Both Senate and House bills would explode the deficit and make it harder for older adults to afford health care—all while benefitting the wealthiest 1% and big corporations. We created a new fact sheet, Republican Tax Bills Will Hurt Older Adults, for advocates to use this week in their advocacy. The fact sheet outlines how exploding the deficit will force cuts to programs and health coverage for older adults, and how the wealthy 1% and corporations will benefit at the expense of older adults. Please use this fact sheet in your conversations with partners and policy makers and share widely.
Now is also the time to call your Senators and tell them to vote NO on this tax plan. Dial 202-224-3121 and ask to be connected.
Today, Justice in Aging and Center for American Progress are holding a joint briefing on what the tax bills mean for seniors. There’s also a National Call-in Day on Wednesday focused on people with disabilities and their families.
Congress is moving very quickly, aiming to have a bill signed into law by the end of the year. Advocates’ voices are needed to stop this reckless process that jeopardizes health care for millions. Our new fact sheet outlines the threats to health care for older adults and their families in both the House and Senate bills.
Leadership in the House of Representatives is moving forward with its version of a tax bill that calls for enormous tax cuts for the wealthiest Americans and will drive up the deficit to the tune of $1.5 trillion.
Such a deficit will necessarily lead to cuts in programs that low-income older adults need, including Medicaid and Medicare. Justice in Aging created a short Fact Sheet: 4 Ways the Tax Cuts & Jobs Act Threatens Health Care for Older Adults to outline for advocates what’s at stake for older adults with Medicare and Medicaid and how the loss of the medical expense deduction could jeopardize the financial security of older Americans with high out-of-pocket health care costs or long-term care expenses.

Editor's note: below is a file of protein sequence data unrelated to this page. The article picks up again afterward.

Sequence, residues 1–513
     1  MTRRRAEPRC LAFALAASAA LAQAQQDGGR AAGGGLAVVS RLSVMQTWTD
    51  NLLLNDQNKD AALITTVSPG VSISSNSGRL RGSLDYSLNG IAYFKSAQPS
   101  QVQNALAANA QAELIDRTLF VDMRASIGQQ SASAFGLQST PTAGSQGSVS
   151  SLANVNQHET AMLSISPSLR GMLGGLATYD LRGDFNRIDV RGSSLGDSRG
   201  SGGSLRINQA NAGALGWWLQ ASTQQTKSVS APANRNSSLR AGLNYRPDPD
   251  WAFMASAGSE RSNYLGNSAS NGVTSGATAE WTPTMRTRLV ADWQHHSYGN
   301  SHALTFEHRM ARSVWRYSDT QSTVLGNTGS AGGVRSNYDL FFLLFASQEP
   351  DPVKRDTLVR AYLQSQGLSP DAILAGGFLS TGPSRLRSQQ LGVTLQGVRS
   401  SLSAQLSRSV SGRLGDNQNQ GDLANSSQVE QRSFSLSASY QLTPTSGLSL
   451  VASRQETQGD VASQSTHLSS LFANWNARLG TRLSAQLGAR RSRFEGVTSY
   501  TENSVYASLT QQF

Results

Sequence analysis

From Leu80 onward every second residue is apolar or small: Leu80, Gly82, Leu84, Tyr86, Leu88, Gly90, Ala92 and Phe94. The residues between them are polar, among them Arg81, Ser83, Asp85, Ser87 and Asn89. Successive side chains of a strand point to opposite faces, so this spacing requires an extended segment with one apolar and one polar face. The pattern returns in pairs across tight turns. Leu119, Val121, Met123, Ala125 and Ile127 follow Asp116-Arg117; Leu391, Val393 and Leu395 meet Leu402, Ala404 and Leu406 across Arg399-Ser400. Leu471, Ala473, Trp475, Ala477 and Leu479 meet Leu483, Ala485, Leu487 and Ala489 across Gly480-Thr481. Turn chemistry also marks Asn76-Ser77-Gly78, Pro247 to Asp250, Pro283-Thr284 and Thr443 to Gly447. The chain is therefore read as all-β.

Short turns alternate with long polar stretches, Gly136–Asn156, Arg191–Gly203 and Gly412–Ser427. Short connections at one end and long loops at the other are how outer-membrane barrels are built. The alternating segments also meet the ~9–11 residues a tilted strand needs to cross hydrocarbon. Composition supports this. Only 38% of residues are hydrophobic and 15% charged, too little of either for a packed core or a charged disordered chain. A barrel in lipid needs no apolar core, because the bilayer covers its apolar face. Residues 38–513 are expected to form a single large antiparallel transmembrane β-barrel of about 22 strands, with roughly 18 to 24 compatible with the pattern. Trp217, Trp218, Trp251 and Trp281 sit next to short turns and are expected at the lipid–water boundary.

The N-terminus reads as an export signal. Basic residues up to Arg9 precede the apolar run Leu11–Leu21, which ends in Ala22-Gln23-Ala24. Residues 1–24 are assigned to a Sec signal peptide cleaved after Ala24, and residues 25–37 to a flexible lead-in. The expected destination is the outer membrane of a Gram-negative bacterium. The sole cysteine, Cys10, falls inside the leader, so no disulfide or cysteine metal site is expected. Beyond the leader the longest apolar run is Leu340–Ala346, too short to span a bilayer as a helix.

Here’s what older adults need to know about this year’s Open Enrollment periods for both Medicare and Covered California.
Fall is open enrollment time for both Medicare beneficiaries and enrollees in Covered California purchasing coverage in 2018.
Justice in Aging’s California open enrollment fact sheet reveals who is impacted by fall open enrollment, covers critical dates for each group, and provides key information on actions to take to ensure continuous coverage.
- Medicare Part C and Part D enrollees should review their coverage options each year as Medicare Advantage and Prescription Drug plans can change their cost-sharing, provider networks, and drug formularies.
- Medicare’s open enrollment period is from October 15-December 7, 2017.
- Covered California open enrollment is from November 1-January 31, 2018.
- Open enrollment periods have been extended for victims of natural disasters like the California wildfires.
Here’s what older adults need to know about this year’s Open Enrollment periods for both Medicare and the Affordable Care Act Health Insurance Marketplaces.
Fall is open enrollment time for both Medicare beneficiaries and enrollees in the Affordable Care Act Health Insurance Marketplaces for coverage in 2018.
Justice in Aging’s open enrollment fact sheet reveals who is impacted by fall open enrollment, covers critical dates for each group, and provides key information on actions to take to ensure continuous coverage.
- Part C and Part D enrollees should review their coverage options each year as Medicare Advantage and Prescription Drug plans can change their cost-sharing, provider networks and drug formularies.
- Medicare’s open enrollment period is from October 15-December 7, 2017.
- The Marketplace enrollment period has been cut in half from 12 weeks to 6 weeks.
- The Marketplace enrollment period is from November 1-December 15, 2017.
- Open enrollment periods have been extended for victims of some natural disasters.
Two new fact sheets explain two facets of the In-Home Supportive Services (IHSS) program—Eligibility and the Application Process, and IHSS Services: Basics. These fact sheets provide a simplified starting place to understand how the eligibility and application process work, what services are available, and how the county determines eligibility for specific services.